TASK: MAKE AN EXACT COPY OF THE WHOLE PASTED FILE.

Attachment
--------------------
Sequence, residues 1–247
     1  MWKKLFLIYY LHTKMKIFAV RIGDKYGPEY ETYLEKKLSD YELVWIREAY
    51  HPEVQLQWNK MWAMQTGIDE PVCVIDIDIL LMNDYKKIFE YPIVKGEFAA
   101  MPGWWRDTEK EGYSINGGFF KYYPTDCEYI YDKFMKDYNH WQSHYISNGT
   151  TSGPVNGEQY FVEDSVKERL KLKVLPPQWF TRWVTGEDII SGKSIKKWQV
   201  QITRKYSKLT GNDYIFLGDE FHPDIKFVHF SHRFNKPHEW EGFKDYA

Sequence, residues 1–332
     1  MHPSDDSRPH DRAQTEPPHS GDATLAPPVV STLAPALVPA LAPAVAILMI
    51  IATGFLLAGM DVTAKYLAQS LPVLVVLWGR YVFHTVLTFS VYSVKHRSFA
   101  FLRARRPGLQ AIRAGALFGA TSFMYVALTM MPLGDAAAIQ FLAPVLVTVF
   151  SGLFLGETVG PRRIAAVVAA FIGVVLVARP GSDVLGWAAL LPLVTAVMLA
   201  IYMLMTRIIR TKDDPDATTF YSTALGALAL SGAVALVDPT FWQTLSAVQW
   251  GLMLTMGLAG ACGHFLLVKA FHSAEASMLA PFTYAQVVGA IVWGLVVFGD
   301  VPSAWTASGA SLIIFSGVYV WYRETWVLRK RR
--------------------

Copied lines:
Sequence, residues 1–247
     1  MWKKLFLIYY LHTKMKIFAV RIGDKYGPEY ETYLEKKLSD YELVWIREAY
    51  HPEVQLQWNK MWAMQTGIDE PVCVIDIDIL LMNDYKKIFE YPIVKGEFAA
   101  MPGWWRDTEK EGYSINGGFF KYYPTDCEYI YDKFMKDYNH WQSHYISNGT
   151  TSGPVNGEQY FVEDSVKERL KLKVLPPQWF TRWVTGEDII SGKSIKKWQV
   201  QITRKYSKLT GNDYIFLGDE FHPDIKFVHF SHRFNKPHEW EGFKDYA

Sequence, residues 1–332
     1  MHPSDDSRPH DRAQTEPPHS GDATLAPPVV STLAPALVPA LAPAVAILMI
    51  IATGFLLAGM DVTAKYLAQS LPVLVVLWGR YVFHTVLTFS VYSVKHRSFA
   101  FLRARRPGLQ AIRAGALFGA TSFMYVALTM MPLGDAAAIQ FLAPVLVTVF
   151  SGLFLGETVG PRRIAAVVAA FIGVVLVARP GSDVLGWAAL LPLVTAVMLA
   201  IYMLMTRIIR TKDDPDATTF YSTALGALAL SGAVALVDPT FWQTLSAVQW
   251  GLMLTMGLAG ACGHFLLVKA FHSAEASMLA PFTYAQVVGA IVWGLVVFGD
   301  VPSAWTASGA SLIIFSGVYV WYRETWVLRK RR